Encyclopædia Britannica, Ninth Edition/Corneto
CORNETO, a town of Italy with about 4000 inhabitants, in the province of Rome and district of Civita Vecchia, on the River Marta, two miles from the railway between Civita Vecchia and Leghorn. Dating probably from about the 8th century, and fortified in the 14th or 15th, it still presents a distinctly mediæval aspect. Among its more interesting buildings are the now ruinous cathedral of St Maria di Castello, of the 12th century, the mansion of the Cardinal Vitelleschi, now used as a hotel, and the palazzo communale with, its fresco-paintings. During the great Guelf and Ghibelline struggle Corneto adhered enthusiastically to the Papal cause, and it was the first place in Italy that had the honour of welcoming back Gregory XI. from Avignon. Its interest to the archæologist and the traveller depends on its connection with a much earlier age; it occupies the western extremity of Montarozzi, a volcanic spur of the Ciminian Hills, which served as a necropolis for the old Etruscan city of Tarquinii, and the neighbourhood is rich in various kinds of Etruscan remains. The most interesting of these are the painted tombs, which, though referred to in a Latin poem of the 15th century, and the object of a commission by Innocent VIII., were practically lost sight of till the present century. The largest, indeed, known as the Grotta del Cardinale, was discovered in 1669, but the discovery was again forgotten till 1780. General attention was drawn to the district by Mr Byres in 1842, and investigations have since been prosecuted by Prince Lucien Bonaparte, Signor Avvolta, Baron Stackelberg, Kestner, and other archæologists. The subjects represented on the walls are of very miscellaneous character, and, according to the best authorities, the tombs belong to very different epochs. That known as the Grotta Querciola contains a banqueting-scene and a boar-hunt; the Grotta del Morto, a picture of a dead man attended by mourners; the Delle Bighe, a chariot race; and the Del Barone, warlike games, horsemen, and similar subjects. These were all known before 1840, and several of them have become greatly decayed; but the loss has so far been made good by more recent discoveries. Among these may be mentioned the Tomba Baietti, adorned with figures of gymnasts, dancers, and horsemen; the Del Cacciatore, with a variety of well-designed hunting scenes; and the Del Letto Funebre, with charioteers, pugilists, and other figures.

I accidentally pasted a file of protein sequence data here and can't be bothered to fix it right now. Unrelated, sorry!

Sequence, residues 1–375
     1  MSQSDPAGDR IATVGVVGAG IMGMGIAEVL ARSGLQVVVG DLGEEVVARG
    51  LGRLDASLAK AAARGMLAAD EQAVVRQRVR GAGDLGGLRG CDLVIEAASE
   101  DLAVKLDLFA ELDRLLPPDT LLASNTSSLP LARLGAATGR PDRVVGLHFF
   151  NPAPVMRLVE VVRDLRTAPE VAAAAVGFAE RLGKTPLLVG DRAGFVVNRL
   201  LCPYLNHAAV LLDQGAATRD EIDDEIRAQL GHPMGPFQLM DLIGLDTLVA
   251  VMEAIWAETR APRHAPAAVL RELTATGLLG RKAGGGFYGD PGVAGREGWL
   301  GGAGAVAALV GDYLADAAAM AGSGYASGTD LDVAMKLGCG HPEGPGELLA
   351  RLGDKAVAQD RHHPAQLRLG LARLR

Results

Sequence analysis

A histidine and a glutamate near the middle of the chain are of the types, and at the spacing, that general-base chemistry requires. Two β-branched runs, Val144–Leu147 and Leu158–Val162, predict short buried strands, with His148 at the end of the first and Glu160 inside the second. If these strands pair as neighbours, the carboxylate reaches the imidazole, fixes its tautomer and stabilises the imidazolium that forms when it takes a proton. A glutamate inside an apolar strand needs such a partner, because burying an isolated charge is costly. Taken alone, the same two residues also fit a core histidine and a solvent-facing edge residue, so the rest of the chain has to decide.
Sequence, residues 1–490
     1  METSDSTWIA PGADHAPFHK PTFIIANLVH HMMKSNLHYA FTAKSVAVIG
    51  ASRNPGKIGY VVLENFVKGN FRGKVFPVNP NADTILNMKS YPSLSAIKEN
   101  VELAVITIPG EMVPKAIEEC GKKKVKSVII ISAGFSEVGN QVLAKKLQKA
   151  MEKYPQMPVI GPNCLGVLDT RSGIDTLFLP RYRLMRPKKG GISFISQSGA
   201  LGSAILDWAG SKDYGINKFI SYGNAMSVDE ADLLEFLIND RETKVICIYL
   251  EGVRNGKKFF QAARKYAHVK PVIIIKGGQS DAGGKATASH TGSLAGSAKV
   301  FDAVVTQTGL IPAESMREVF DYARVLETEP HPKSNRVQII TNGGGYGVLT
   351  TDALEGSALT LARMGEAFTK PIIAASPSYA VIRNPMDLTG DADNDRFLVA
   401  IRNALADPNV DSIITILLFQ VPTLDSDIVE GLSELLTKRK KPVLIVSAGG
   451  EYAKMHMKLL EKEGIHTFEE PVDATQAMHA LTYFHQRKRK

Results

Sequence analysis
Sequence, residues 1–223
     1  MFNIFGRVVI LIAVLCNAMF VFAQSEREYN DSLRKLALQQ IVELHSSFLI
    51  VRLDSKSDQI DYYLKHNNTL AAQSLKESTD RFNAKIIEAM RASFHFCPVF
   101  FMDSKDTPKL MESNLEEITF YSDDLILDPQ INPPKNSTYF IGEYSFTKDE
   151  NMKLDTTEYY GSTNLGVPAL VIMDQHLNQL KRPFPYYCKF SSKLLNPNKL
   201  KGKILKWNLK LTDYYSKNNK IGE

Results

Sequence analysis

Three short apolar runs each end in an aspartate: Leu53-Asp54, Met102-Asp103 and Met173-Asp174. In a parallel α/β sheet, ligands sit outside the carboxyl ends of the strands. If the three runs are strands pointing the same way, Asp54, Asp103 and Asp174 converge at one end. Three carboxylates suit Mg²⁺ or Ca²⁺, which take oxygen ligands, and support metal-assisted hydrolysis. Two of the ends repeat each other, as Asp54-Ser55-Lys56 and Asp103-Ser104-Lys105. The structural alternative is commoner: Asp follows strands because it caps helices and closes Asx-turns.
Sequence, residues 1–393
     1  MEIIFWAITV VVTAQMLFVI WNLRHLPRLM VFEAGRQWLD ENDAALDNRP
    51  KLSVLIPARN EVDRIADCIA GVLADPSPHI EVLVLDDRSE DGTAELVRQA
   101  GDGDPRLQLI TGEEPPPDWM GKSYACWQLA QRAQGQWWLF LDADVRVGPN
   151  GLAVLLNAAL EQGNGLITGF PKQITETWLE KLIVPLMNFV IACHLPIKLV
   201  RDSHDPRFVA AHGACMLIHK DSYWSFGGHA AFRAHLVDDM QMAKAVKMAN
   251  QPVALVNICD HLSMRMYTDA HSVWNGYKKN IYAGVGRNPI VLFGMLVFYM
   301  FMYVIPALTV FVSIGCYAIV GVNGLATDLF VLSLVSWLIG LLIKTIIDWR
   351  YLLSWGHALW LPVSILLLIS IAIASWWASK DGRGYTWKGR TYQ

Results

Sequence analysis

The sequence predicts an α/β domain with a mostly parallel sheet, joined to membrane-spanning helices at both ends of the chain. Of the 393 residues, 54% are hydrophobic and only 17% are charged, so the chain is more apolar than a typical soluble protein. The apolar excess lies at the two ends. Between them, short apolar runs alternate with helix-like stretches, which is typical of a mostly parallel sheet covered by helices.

The first extant treatise on the tombs of Corneto is a manuscript of the year 1756, by an Augustinian monk, Padre Jeannicola Forlivesi. See J. Byres, Hypogœi, or The Sepulchral Caverns of Tarquinia, 1842; Dennis, The Cities and Cemeteries of Etruria; and especially the Bollettino and Annali dell' Instituto di Corresp. Arch. di Roma, which, in the earlier volumes, are full of details of the Corneto discoveries and continue to give information as occasion serves.